Judge: Environmental cases 'not easy'
Updated: 2014-07-25 07:20
By Cao Yin (China Daily)
Chinese courts have set up tribunals to focus on environmental disputes, but many challenges remain, an official of the country's top court said.
The country's top legislature passed the Environmental Protection Law in April. Two months later, the Supreme People's Court established a department to handle cases related to the environment and resources.
Since 2007, 143 special courts or collegiate benches have also been formed as part of a pilot program to hear environmental cases.
"It's good to see that we have done something to protect our environment in the legal sphere, but these are far from enough," said Zheng Xuelin, chief judge of the top court's new department.
"Dealing with environmental cases is not an easy job," Zheng added.
The number of environmental cases that Chinese courts heard in the past three years averaged fewer than 30,000 a year, which is inconsistent with the country's growing number of complaints about pollution and increasingly serious ecological damage, Zheng said.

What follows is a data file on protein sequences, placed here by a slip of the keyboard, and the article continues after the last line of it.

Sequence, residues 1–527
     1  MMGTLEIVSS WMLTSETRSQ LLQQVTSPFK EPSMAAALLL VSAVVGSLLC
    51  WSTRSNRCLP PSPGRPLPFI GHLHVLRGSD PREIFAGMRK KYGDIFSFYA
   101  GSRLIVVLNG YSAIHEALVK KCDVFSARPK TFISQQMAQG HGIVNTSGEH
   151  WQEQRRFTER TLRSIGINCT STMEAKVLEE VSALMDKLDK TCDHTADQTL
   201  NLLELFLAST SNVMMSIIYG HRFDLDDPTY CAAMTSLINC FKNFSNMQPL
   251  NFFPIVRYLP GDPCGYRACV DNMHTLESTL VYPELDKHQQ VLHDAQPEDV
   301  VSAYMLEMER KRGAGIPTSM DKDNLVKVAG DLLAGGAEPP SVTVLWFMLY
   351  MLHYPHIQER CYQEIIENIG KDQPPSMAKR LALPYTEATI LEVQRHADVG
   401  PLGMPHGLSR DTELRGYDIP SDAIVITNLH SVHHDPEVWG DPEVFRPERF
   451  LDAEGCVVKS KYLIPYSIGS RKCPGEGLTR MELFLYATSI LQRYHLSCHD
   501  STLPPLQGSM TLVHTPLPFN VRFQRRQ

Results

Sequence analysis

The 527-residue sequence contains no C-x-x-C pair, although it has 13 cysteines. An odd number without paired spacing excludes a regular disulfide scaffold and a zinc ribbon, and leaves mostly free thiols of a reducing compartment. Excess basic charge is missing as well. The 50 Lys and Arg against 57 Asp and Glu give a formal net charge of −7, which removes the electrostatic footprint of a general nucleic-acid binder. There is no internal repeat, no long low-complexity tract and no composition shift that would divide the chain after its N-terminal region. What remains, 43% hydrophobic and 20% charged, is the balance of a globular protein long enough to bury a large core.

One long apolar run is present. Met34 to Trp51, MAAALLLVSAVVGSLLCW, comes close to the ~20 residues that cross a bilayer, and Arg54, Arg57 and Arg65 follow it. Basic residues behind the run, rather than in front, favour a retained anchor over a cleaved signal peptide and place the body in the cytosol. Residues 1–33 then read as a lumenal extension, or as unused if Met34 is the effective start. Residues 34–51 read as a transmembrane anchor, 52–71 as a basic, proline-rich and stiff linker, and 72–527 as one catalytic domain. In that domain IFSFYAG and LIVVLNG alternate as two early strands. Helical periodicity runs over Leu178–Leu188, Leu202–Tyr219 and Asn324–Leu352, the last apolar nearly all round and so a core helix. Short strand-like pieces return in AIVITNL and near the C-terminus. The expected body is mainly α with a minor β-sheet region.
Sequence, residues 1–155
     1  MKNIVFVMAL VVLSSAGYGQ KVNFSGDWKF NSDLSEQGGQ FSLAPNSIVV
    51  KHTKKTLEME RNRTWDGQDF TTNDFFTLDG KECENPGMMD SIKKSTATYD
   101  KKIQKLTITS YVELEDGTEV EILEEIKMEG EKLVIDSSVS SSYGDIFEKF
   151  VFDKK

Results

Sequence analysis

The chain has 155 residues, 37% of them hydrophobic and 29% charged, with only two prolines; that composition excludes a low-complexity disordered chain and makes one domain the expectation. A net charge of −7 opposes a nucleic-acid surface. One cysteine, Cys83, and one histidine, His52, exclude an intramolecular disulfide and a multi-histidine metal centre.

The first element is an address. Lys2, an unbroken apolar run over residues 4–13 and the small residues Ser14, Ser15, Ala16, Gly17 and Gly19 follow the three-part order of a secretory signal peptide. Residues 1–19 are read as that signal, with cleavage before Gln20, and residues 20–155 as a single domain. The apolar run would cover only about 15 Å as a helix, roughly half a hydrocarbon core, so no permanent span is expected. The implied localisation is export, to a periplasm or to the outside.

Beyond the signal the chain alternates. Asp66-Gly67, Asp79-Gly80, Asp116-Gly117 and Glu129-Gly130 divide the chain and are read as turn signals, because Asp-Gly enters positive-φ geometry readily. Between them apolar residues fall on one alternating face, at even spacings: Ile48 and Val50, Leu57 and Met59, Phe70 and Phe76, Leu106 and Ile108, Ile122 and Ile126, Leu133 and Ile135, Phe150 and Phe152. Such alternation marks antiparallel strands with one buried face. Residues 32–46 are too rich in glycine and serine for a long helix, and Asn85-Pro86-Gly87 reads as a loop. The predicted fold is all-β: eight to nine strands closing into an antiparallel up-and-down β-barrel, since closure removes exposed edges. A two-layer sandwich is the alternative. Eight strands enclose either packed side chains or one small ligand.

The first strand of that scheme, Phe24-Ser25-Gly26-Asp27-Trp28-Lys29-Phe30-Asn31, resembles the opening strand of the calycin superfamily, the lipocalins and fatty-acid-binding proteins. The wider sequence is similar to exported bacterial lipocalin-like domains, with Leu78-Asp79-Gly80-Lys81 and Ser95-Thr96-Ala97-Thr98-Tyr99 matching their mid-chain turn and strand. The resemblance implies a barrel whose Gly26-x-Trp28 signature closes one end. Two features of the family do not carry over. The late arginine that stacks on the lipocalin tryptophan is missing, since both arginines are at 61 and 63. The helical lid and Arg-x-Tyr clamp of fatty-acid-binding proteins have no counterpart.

It can also be difficult to file an environmental case, because the current Civil Procedure Law stipulates that only government agencies and related organizations can initiate public-interest litigation, Zheng said. Additionally, intervention from local administrations poses a challenge, he said.
On April 14, Lanzhou Intermediate People's Court in Gansu province refused a lawsuit involving five residents who claimed they had been damaged by local sources of polluted water. The suit was rejected on grounds that the residents' attempt to lodge the public-interest lawsuit was not in line with procedural law.
The revised Environmental Protection Law, effective next January, states that registered social organizations with more than five years' experience in environmental activities and without any record of illegal activity can carry out public-interest lawsuits, which Zheng considers to be clearer.
However, he confirmed that about 300 organizations now are qualified, saying that the top court will issue judicial interpretation on public-interest litigation as soon as possible, with the aim of making the channel for filing an environmental case much clearer.
(China Daily 07/25/2014 page4)